Cross-culturalism also shows up in ironic places. Gerald Early illustrated that even the early, militant (pre-Mecca) Malcolm X who preached black nationalism and black separatism, was actually a penultimate American. Afrocentrism was an American phenomenon, not an African one. Pre-imperialism Africans were tribal, and thus featured the usual array of tribal rivalries, not some mythic unified past of the Afrocentric mold. Malcolm X followed the American example of white preacher Jonathan Edwards’ evangelism by romanticizing Africa as part of some lost Golden Age.⁷ But Early knew better. In 1992, he wrote, “Africanness is relevant to American blacks today only as a way of helping us understand what it means to be American.”⁸ For all the enormous suffering, slaves and the descendants of slaves cannot be separated from the very core of the United States as “a country dedicated to diversity, a nation of different peoples living together as one.”⁹ Early makes a crucial point. Enlightenment principles may seem like cruel theory, considering how actions contradicted them from the outset of American history, particularly in how certain whites treated non-whites. Yet the seeds of a later (and ongoing) flowering lay within them.
The late newspaper columnist, writer and historian Bill Hosokawa, unabashedly attributed the great success of Japanese-Americans to a mixture of both mainstream American cultural traits as well as those rooted in the old country, such as filial piety, a strong sense of family and family honor (and, by extension, a strong sense of community) as well an attitude of humility, duty, and making the most of difficult circumstances.¹⁰ “Isn’t the melding of cultures what America is all about?” Hosokawa asked.¹¹ Hosokawa praised the “happy combination of the more admirable of Japanese traits being nurtured in the freedom and openness of American society” as responsible for stellar success of Japanese-Americans.¹² Don Nakanishi readily acknowledged that a centrality of valuing formal education had served and was continuing to serve all Asian-Americans in their quest for success in the United States.¹³ This reflects the ancient Confucian emphasis on learning, which spread from China throughout East Asia.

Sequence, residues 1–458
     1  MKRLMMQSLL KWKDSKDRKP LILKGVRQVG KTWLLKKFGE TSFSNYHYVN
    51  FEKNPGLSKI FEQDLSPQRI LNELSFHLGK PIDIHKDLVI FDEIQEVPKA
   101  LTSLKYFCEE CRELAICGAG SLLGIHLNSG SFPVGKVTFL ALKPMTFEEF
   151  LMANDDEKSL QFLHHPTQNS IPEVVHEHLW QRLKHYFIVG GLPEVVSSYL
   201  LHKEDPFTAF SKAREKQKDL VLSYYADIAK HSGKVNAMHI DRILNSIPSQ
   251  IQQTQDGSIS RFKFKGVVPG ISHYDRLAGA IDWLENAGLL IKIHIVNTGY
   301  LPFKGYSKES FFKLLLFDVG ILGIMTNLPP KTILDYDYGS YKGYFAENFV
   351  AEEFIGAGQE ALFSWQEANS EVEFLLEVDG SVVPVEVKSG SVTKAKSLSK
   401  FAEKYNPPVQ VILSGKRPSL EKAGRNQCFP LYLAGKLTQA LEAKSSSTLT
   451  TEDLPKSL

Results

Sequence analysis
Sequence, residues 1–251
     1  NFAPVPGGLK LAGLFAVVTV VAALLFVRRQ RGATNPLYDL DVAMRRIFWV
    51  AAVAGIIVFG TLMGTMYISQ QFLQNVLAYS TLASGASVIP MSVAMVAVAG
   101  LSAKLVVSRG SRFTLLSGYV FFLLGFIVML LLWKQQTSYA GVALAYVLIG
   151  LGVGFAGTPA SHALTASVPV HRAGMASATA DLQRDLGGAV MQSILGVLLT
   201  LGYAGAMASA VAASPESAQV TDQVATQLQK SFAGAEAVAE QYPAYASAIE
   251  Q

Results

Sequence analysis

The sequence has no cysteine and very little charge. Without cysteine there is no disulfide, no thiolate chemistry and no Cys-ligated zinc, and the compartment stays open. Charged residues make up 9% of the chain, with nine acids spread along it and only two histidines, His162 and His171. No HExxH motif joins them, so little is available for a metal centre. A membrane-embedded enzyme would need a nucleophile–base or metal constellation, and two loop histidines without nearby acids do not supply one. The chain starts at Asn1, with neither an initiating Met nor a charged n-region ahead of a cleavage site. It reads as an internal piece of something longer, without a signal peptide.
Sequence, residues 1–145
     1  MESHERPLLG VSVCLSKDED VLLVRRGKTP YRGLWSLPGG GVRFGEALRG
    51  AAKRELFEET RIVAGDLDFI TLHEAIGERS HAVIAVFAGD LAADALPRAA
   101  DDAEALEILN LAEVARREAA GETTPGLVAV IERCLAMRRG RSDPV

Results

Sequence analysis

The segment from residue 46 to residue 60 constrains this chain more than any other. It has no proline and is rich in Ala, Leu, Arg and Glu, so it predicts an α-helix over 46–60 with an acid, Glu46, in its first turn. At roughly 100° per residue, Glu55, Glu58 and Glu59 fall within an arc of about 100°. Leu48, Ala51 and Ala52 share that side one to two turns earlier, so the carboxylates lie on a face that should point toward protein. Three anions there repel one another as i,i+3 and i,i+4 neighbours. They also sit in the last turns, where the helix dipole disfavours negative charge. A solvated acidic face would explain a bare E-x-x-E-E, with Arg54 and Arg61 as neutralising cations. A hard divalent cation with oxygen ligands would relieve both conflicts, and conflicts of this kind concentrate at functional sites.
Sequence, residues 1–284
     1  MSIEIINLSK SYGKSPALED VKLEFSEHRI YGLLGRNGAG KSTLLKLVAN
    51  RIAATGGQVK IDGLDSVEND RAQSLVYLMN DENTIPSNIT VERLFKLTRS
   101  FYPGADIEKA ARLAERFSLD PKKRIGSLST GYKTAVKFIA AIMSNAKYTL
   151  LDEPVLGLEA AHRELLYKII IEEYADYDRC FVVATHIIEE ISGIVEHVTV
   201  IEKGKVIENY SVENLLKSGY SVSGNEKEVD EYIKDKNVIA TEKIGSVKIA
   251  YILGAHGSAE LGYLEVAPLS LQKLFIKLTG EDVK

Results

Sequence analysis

Similar to Hosokawa, Sam Chan also expressed a pro-assimilation sentiment in a 1943 letter to his congressman, Representative B. Carroll Reece of Tennessee. Chan wrote, “I dislike to boast, but our people in America are loyal, honest, and obedient to your laws. No other race can show such an enviable record.”¹⁴ As Huping Ling has demonstrated, there is a deep tradition among Chinese immigrants to America for promoting assimilation into the mainstream through “Americanization” or at least “hybrid” social organizations that helped bridge the two cultures.¹⁵ Many Chinese intellectuals in particular saw themselves as cultural liaisons or cultural agents whose duty it was to help bridge the two cultures.¹⁶